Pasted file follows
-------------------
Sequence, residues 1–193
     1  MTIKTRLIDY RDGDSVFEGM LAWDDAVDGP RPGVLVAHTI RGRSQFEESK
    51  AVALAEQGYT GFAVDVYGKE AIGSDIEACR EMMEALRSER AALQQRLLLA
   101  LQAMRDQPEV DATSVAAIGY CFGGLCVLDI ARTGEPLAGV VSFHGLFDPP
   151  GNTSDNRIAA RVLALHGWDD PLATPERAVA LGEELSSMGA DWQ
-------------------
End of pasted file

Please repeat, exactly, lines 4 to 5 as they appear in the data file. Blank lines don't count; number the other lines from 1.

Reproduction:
   101  LQAMRDQPEV DATSVAAIGY CFGGLCVLDI ARTGEPLAGV VSFHGLFDPP
   151  GNTSDNRIAA RVLALHGWDD PLATPERAVA LGEELSSMGA DWQ